We need to make sure there is a minimal amount of external action that is going to impede on the success of the athlete’s speed.
The More Force...The More Acceleration, Or Force/Mass (Newton’s 2nd Law)
What does that mean for sprinting?
What does more acceleration mean for sprinting?
Acceleration is essentially the force generated divided by the mass. That is going to play a key role in the start and drive phases. The ability to accelerate is all about how much force the athlete can put out divided by how much relative mass the athlete has as an individual. Someone that has a little less body weight or body fat and can put out a ton of force is going to be able to accelerate a lot faster. This is key.
How can we get somebody to maintain a lean body weight? But also, and more importantly, how can we get somebody to maintain a lean body weight and put out a tremendous amount of force so that they can accelerate at a higher rate? Factoring in these components will allow getting out of the blocks quicker, get through the drive phase faster and how to hold maximal mechanics.
Every Object In Motion Stays In Motion Unless Acted Upon By Uneven Forces (Newton’s 1st Law)
Again, what does this mean for sprinting? Or better yet. Why is top end speed unable to be maintained when running and sprinting?
Let’s think about a person running at full speed and understand that there is always going to be a breaking mechanism at play; it’s physics. For instance, every time a sprinter/runner grounds, they’re is going to be a period of breaking. Not only is it physics, it’s the biomechanics of the human body. It will not be avoided.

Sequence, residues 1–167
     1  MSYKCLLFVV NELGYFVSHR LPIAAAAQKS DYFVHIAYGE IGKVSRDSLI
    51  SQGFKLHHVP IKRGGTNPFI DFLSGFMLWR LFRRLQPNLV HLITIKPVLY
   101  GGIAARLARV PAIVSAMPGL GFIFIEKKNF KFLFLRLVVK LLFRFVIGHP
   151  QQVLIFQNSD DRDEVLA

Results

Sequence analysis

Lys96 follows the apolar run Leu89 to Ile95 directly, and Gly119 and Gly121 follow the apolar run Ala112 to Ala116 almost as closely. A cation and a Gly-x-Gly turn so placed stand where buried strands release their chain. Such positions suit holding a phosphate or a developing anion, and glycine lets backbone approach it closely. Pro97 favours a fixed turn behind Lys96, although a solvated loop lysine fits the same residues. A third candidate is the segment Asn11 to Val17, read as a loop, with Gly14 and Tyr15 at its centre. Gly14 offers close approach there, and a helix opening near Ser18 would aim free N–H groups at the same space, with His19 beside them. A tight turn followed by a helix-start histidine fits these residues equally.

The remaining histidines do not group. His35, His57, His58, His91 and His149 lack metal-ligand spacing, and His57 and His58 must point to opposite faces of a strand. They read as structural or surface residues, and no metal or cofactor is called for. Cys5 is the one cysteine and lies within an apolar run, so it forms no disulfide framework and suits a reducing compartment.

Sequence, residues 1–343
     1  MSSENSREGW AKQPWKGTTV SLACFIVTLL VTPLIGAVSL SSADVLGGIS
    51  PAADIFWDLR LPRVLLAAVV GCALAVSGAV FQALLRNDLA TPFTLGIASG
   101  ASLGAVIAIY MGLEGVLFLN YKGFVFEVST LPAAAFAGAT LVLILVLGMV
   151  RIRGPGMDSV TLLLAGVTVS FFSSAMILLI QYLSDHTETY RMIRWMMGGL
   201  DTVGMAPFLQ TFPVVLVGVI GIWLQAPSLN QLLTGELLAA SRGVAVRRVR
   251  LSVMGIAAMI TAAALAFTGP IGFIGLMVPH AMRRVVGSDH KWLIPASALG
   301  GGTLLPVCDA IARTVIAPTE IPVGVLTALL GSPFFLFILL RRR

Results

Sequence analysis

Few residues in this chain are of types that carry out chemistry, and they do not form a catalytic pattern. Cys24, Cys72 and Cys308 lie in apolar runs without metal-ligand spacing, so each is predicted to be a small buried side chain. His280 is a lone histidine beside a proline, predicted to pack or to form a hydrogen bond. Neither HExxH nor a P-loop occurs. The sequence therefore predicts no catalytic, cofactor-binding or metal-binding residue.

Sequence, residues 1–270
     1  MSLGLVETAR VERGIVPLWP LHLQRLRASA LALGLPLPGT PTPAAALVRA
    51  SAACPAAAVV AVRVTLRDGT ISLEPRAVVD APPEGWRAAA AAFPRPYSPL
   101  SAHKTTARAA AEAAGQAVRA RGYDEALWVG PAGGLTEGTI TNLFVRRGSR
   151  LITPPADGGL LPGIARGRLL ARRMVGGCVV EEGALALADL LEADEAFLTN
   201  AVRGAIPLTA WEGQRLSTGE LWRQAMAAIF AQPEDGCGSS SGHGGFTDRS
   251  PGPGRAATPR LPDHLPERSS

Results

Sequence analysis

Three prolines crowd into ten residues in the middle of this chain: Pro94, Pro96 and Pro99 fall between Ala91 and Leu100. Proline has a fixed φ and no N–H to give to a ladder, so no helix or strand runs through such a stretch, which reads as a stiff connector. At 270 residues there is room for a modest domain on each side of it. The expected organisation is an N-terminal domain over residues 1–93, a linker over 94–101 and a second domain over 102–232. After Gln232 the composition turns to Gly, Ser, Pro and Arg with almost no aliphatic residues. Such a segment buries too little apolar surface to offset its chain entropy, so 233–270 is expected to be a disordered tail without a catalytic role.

The way to overcome Newton’s 1st Law is to combat it with Newton’s 3rd law.
Which brings us to the period of impulse.
The Period Of Impulse
Impulse is when the foot grounds, the period that it is grounded for and how much force can be applied into the ground during that short, or longer (depending on the phase), time of ground contact.
At Garage Strength, with strength training for sprinting, we believe that once we understand Newton’s three laws and how they impact the four phases, and that technique and physical ability are the key factors behind fueling the sprinter's success, the key behind all of it comes back to period of impulse and angles.
For technique and force development that is.
At this point, we need to be asking what is the shin angle out of the blocks? What is the body angle coming out of the blocks? Ideally, the angle held coming out of the blocks is 45 degrees. Women it will be a little bit higher because of force output. But angles still need to be hit in the other phases of sprinting as well. What are the angles that need to be held when running during maximal mechanics? To start, we want to be upright with nice hip extension and strong mobility through a dorsiflexion angle while also understanding, as strength coaches, what exercises can contribute to dynamic trunk control so while at maximal mechanics the arms are not disrupting the body.
Still, everything comes back to the period of impulse. The longer the period of impulse is, the more force the athlete can apply to the ground, which it then gets a positive response back, a reaction back from the ground. An increase in impulse means an increase in momentum.